ALSO today, I was interviewed for Blog Talk Radio for the tour:
THE TOUR SO FAR!
So, it’s day two of the big blog tour has arrived, and I have been interviewed by Hywela-Lin for her blog. This was a fun interview, not necessarily the same old questions, and I went out of my way not to provide the same old answers, as well. One of the tricks of this blog tour thing is – in my opinion – mixing it up. If you have nothing new to say, and twelve blogs interview you, asking the same old questions and getting the same old answers in slightly different hats, well, I think you can see how boring that would be. I am not famous. Instead, I strive for interesting. I believe (probably foolishly, but there you go) that if I make a real effort, I can show people who I am, and why I write what I write, and why it would be worth their time to check it out. One thing you learn in life is that even those who are already mildly interested in you have their reasons. Sadly, for me, only a small portion of those interested enough in me to know who I am are also interested enough to read my books.
I wish I had a small truckload of copies of Nevermore … I would ride to the next two fan conventions I could reach and just hand out copies. I wonder how many I’d have to hand out before a sufficient number actually read them, and then talked about them, and it became a “thing?” We’ll never know, sadly – books are expensive. I DID lower the eBook price on Nevermore – a Novel of Love, Loss & Edgar Allan Poe to only $2.99 for the duration of this blog tour. $2.99 is still in the impulse buy range, right? I want to give you that impulse, so, without further ado…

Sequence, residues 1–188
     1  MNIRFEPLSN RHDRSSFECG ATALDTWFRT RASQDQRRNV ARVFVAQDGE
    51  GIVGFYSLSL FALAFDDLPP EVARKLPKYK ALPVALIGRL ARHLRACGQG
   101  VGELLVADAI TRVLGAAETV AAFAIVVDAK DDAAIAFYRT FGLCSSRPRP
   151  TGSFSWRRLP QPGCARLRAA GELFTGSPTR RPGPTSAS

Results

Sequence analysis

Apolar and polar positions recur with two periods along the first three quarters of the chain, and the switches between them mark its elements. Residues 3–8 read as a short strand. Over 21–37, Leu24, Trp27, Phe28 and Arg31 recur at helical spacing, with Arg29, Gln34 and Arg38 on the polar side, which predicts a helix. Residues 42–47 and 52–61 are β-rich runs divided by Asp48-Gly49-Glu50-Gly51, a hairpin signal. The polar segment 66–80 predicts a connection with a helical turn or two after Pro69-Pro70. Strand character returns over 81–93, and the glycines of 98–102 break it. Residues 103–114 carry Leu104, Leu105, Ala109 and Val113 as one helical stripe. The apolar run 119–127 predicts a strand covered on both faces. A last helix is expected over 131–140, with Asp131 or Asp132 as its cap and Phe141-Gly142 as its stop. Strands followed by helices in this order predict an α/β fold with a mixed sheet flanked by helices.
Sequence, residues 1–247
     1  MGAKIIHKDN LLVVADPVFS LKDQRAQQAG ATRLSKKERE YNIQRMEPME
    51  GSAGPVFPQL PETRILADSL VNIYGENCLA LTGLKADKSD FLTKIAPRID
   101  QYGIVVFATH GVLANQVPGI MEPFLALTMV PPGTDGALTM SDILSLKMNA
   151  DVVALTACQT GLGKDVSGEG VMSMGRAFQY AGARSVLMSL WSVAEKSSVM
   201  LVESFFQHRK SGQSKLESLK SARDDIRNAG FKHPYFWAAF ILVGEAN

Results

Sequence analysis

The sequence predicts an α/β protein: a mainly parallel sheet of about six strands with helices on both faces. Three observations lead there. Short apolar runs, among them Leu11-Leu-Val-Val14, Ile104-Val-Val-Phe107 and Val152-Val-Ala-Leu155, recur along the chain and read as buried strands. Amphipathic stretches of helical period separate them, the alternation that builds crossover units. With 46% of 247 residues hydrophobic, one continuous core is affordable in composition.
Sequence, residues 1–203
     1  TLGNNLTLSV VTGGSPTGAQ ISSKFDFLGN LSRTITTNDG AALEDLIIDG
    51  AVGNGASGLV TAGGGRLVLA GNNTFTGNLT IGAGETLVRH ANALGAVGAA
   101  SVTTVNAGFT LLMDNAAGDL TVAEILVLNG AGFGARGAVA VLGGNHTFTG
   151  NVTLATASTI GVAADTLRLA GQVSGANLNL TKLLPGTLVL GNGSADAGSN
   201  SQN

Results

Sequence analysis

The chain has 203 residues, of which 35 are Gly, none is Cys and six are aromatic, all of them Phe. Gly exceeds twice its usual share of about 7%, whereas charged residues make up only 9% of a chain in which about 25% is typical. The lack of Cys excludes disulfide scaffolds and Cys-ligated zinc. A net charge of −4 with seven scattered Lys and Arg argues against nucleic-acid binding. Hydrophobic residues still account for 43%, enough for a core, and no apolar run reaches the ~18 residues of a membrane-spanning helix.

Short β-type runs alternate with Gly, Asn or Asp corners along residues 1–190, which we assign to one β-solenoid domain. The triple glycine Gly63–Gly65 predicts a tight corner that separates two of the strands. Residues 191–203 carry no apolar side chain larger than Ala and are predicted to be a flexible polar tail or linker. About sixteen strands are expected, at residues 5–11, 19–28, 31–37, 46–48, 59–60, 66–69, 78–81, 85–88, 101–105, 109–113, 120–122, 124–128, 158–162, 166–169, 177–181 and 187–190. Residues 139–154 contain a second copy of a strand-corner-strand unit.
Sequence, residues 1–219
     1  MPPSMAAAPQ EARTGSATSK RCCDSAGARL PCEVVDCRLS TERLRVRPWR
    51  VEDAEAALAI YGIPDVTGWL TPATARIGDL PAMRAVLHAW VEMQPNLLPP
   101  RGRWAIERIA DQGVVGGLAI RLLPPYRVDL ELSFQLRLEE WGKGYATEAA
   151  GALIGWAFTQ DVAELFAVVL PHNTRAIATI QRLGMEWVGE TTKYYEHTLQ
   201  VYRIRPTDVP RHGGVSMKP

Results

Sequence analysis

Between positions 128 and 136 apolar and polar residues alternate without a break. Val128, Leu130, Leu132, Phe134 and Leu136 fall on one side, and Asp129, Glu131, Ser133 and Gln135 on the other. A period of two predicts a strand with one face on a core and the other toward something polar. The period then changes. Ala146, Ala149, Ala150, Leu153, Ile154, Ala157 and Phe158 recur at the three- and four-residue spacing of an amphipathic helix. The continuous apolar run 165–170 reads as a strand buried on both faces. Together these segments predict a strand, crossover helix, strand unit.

Here is a very short bit from the interview with me over at Hywela Lin’s blog… and a link to the rest. Below that are links to yesterdays posts, where I conducted interviews with my own characters, Donovan DeChance, and Edgar Allan Poe…
READ THE ENTIRE INTERVIEW AT HYWELA LYn’s Blog – along with an excerpt from Nevermore. Enter to win copies of the book – or just buy it already!
First, let me start by posting a link to the main site for the blog tour. At this site you’ll find a schedule of all the blog stops, all the ways you can enter to win copies of the Hardcover, trade paperback, audio and eBook editions of Nevermore – A Novel of Love, Loss & Edgar Allan Poe. The book is discounted for the length of the tour from $4.99 to $2.99 – nearly half off! You can find tour info here: The Buy The Bool Blog Tour for Nevermore!
The First two stops on the blog tour required me to do something I have never attempted before. They are “character interviews,” where I sit down in a virtual room and chat with the characters from my own worlds and novels …quite the change from other types of guest posts I’ve written in the past. Sort of half fiction, half real – and as it turns out, not a bad exercise in getting into the head of your own character. As it turns out, I actually had questions, and probably have a lot more – I limited myself this time out to things that relate one way or another to Nevermore…